In memoriam: Campbell Robert Smith (1951–2019)
expand article infoRichard I. Vane-Wright
‡ Natural History Museum, London, United Kingdom
Open Access

Campbell Smith was employed as an entomologist at London’s Natural History Museum for 35 years, during which time he worked on various catalogues, curated parts of the museum collections, and contributed to the output of several research groups. In 2009 he took early retirement to look after his widowed father. His sudden and unexpected death on 11th March 2019 came as a shock to former museum staff and various entomologists around the world, acknowledging his loss with sorrow mixed with good memories of this most amiable colleague and friend.

Campbell was born at Stoke Newington, North London, on 28th November 1951, the only child of Arthur William and Olga Lilian Smith. Olga (née Harris) and Arthur were both from Hackney, and had married there in 1951. Arthur, who worked most of his life before retirement as a Postal & Telegraph Officer (as had his father before him), served in the Army during WWII. By the time he was demobbed, he had become involved with ENSA (Entertainments National Service Association), and was later encouraged by famed trombone player Don Lusher to enter the dance band world as a singer. Arthur declined (apparently because ‘he couldn’t read the dots’), but maintained a strong interest in music – something that definitely ‘rubbed off’ on Campbell. Very sadly his mother died in 1981, at a relatively young age, but not before the family had moved to Leigh-on-Sea, an Essex town on the banks of the Thames estuary that now forms part of the borough of Southend-on-Sea.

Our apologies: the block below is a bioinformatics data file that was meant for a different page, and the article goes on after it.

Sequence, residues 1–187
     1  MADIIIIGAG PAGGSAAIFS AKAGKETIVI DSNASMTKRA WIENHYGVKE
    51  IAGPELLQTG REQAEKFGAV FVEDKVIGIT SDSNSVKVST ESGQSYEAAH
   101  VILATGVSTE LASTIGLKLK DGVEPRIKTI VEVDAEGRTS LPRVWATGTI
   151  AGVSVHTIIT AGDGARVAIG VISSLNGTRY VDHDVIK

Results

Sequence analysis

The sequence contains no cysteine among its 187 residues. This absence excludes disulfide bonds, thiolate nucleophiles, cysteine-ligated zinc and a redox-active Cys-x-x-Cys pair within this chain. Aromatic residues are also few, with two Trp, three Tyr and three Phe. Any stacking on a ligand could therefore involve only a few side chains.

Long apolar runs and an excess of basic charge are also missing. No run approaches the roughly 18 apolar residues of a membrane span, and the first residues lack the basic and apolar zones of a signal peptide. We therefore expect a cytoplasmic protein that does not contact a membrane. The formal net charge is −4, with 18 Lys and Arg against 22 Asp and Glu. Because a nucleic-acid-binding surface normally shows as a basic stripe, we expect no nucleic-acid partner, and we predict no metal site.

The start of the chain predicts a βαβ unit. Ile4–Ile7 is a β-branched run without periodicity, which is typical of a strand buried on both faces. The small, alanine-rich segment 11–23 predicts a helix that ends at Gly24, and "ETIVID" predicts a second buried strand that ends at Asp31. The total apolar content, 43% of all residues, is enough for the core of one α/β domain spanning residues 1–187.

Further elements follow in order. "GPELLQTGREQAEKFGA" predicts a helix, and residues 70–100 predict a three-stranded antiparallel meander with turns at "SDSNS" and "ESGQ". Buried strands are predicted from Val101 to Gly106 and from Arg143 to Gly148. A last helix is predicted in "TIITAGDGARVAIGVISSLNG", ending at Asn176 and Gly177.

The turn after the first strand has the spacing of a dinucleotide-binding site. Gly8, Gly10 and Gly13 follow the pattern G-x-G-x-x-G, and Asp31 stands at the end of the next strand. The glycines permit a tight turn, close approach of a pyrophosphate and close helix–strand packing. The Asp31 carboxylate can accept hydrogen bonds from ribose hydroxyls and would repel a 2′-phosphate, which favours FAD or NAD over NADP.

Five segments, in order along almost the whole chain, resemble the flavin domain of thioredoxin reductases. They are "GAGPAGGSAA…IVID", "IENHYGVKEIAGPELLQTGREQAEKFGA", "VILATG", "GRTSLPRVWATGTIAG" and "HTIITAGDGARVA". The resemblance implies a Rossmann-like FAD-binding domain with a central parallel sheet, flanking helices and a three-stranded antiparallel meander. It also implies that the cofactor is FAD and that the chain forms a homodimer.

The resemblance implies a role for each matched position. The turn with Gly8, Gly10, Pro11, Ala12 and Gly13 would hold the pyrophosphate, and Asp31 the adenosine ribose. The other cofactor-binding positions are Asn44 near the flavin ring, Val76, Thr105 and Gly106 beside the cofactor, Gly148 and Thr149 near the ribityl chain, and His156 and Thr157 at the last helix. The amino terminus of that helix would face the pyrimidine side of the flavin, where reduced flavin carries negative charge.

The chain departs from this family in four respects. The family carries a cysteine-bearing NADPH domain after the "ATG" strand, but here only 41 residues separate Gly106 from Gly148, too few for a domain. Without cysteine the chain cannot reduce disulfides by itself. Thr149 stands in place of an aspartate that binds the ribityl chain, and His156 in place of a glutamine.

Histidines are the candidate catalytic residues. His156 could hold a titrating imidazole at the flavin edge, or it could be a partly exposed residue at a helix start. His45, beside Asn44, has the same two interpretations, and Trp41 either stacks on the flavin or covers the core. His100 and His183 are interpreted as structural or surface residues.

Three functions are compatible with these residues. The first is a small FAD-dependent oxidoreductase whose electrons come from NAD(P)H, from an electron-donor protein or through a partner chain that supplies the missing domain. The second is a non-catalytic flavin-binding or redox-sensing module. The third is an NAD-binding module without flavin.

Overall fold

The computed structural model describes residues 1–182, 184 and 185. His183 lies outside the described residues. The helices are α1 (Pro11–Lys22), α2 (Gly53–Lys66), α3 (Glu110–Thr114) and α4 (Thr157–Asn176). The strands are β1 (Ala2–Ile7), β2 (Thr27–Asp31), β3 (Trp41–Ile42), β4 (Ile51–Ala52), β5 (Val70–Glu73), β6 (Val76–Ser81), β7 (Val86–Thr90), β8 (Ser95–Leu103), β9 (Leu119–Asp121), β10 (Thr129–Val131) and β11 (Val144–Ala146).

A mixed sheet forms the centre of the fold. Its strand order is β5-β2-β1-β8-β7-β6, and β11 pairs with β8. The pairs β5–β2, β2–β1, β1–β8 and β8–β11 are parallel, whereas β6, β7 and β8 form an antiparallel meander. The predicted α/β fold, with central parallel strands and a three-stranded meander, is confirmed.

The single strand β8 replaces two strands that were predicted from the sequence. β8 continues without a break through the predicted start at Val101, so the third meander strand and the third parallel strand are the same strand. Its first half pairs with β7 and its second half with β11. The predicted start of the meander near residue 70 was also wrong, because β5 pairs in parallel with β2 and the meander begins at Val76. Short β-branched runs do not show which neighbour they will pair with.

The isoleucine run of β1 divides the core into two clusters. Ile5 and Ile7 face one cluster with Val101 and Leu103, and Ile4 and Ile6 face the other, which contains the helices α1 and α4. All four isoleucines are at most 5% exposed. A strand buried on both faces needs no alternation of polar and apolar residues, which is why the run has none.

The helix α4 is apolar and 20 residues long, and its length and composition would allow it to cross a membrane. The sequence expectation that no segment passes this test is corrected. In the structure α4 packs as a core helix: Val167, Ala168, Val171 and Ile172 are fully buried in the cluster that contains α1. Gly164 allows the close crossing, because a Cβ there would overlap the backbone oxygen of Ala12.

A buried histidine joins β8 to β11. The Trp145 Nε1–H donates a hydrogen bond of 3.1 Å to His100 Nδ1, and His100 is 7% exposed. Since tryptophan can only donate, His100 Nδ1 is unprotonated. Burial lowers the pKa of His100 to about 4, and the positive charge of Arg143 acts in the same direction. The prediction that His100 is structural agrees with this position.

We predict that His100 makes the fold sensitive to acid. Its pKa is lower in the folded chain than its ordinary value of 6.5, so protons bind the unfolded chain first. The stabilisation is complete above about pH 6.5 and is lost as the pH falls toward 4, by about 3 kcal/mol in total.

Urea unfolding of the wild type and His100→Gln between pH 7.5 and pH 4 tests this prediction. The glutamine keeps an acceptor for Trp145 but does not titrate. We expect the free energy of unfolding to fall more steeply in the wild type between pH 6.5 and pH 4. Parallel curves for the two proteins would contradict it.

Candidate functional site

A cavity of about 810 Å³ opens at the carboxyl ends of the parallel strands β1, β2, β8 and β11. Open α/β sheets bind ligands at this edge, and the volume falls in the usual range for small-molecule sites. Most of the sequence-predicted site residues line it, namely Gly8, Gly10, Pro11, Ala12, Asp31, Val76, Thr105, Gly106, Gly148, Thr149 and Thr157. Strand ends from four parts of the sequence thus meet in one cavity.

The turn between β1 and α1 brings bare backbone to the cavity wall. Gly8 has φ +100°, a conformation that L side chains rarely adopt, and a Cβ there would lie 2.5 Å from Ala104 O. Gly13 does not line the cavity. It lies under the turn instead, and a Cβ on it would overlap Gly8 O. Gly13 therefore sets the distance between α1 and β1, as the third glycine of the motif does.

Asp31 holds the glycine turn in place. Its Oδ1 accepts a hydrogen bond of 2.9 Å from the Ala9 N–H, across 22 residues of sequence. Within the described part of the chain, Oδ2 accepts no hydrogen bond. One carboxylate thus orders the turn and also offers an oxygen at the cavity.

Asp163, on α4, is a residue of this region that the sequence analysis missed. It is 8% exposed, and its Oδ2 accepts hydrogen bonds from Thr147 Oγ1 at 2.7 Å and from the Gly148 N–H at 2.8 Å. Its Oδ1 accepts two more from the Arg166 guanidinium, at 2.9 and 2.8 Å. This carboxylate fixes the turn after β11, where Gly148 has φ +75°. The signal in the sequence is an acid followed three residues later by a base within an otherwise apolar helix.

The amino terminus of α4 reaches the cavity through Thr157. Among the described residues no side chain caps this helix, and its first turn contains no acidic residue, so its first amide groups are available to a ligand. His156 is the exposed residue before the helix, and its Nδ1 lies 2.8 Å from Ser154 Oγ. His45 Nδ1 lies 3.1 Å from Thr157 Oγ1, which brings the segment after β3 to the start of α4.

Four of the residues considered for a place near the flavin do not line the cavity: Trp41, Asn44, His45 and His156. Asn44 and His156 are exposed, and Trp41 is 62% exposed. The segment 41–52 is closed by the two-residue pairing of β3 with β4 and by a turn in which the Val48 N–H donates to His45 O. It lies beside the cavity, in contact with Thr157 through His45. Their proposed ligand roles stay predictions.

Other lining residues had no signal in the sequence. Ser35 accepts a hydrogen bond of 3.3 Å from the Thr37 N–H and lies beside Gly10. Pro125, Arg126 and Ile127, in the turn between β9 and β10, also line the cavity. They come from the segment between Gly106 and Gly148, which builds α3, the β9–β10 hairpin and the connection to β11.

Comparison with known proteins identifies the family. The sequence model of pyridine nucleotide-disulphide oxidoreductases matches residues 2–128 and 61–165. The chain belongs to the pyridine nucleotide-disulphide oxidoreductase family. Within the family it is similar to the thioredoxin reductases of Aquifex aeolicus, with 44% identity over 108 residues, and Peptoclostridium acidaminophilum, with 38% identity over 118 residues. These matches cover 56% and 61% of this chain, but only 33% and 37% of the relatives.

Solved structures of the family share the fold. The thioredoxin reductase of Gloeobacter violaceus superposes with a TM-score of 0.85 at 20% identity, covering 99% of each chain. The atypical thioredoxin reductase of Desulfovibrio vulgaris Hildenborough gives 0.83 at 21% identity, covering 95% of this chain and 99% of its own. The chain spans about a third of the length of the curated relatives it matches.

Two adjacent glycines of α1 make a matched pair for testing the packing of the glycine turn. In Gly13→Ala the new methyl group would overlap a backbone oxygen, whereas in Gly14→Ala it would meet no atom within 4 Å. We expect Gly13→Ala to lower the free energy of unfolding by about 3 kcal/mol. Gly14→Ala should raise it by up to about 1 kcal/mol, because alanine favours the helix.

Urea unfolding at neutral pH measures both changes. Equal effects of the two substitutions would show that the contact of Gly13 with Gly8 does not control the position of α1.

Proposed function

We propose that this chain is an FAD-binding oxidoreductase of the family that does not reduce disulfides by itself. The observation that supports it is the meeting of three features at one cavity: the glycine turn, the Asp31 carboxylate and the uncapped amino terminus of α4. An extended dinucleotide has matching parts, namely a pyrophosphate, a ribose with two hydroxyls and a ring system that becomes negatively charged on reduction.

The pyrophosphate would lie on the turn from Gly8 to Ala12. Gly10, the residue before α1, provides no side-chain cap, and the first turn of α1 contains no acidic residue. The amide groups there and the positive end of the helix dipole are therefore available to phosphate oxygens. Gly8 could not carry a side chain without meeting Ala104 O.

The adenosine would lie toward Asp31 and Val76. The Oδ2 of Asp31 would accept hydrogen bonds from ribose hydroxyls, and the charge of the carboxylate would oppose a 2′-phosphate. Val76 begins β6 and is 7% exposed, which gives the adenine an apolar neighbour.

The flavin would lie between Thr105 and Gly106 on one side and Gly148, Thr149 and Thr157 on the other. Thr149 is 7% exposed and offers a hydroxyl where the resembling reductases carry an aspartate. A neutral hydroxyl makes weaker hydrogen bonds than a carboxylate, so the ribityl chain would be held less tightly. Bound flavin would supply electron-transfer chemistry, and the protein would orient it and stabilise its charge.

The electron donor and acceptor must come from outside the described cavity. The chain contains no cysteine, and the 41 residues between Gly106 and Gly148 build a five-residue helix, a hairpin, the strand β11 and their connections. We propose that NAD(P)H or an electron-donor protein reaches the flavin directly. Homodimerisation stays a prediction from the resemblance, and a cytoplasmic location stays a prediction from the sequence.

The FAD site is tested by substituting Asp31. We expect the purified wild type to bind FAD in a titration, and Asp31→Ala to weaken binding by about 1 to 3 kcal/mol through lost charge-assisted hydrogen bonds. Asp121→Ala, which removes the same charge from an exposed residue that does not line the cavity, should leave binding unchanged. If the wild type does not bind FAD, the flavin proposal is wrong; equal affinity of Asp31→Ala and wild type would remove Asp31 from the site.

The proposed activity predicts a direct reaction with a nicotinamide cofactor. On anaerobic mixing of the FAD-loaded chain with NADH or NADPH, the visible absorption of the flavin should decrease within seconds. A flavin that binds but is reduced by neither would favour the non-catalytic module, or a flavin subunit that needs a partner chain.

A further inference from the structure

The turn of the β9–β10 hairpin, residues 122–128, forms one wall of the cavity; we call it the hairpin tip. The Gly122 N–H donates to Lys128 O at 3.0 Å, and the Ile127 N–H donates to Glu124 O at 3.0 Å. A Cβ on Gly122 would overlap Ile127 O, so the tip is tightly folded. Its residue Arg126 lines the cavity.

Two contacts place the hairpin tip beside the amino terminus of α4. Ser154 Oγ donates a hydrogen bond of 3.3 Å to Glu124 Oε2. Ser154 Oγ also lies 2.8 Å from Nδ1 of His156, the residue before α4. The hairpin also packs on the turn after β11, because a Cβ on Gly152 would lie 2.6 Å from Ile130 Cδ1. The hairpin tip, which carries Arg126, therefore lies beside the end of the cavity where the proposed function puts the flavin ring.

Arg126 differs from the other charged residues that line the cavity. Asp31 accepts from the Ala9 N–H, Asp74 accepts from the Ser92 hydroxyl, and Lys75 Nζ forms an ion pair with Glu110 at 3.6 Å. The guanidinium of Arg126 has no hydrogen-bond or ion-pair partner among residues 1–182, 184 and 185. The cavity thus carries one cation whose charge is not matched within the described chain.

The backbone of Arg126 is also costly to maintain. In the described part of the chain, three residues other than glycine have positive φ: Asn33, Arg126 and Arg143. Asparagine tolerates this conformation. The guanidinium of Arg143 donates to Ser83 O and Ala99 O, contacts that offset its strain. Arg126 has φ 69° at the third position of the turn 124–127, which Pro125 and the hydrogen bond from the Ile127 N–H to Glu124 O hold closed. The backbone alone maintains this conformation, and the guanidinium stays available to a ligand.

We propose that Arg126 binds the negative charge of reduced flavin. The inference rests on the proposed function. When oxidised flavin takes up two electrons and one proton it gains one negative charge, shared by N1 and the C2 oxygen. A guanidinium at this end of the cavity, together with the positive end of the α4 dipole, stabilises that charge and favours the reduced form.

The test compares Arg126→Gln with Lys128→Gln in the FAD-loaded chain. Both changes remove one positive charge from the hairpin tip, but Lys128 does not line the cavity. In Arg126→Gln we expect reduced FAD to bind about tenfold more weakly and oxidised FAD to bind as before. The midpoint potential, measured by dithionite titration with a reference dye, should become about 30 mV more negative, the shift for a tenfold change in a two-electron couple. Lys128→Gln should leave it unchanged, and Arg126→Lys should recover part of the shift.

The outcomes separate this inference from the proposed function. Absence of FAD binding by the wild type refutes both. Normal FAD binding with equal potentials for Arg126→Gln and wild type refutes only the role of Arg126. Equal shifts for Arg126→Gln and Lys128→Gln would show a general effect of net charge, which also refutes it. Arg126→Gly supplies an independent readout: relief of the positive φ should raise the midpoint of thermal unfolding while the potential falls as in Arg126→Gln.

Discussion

Figure 1. 

Campbell with Graphium policenes, ca 2000, courtesy NHM.

Figure 2. 

The young Campbell, courtesy Malcolm and Sheila Catlin.

During this time Campbell developed not only his interest in music, but also an enduring fascination with the natural world, including birds and fossils. Olga, who had been a clerical officer in a bank, was very studious herself, and did much to encourage Campbell’s academic interests. He completed his secondary education at Southend High School for Boys in 1970. Thereafter he enrolled as an undergraduate at University College London, from October 1970 to June 1973, and was awarded a BSc in Zoology that August.

A year later, after a short spell as a Southend bus conductor, Campbell was recruited to the Entomology Department of the Natural History Museum on 27th August 1974, as an Assistant Scientific Officer. Assigned to Coleoptera, he first worked in a team headed by Bob Pope, helping with curation of the museum’s collection of longhorn beetles (Cerambycidae). By 1977 he was assisting Richard Thompson with a biometric study of the green weevil Phyllobius pyri species complex, including fieldwork close to home at Two Tree Island nature reserve. Three years later he was working with Peter Hammond on an assessment of beetles as colonists.

Figure 3. 

In the early 1970s, courtesy Malcolm and Sheila Catlin.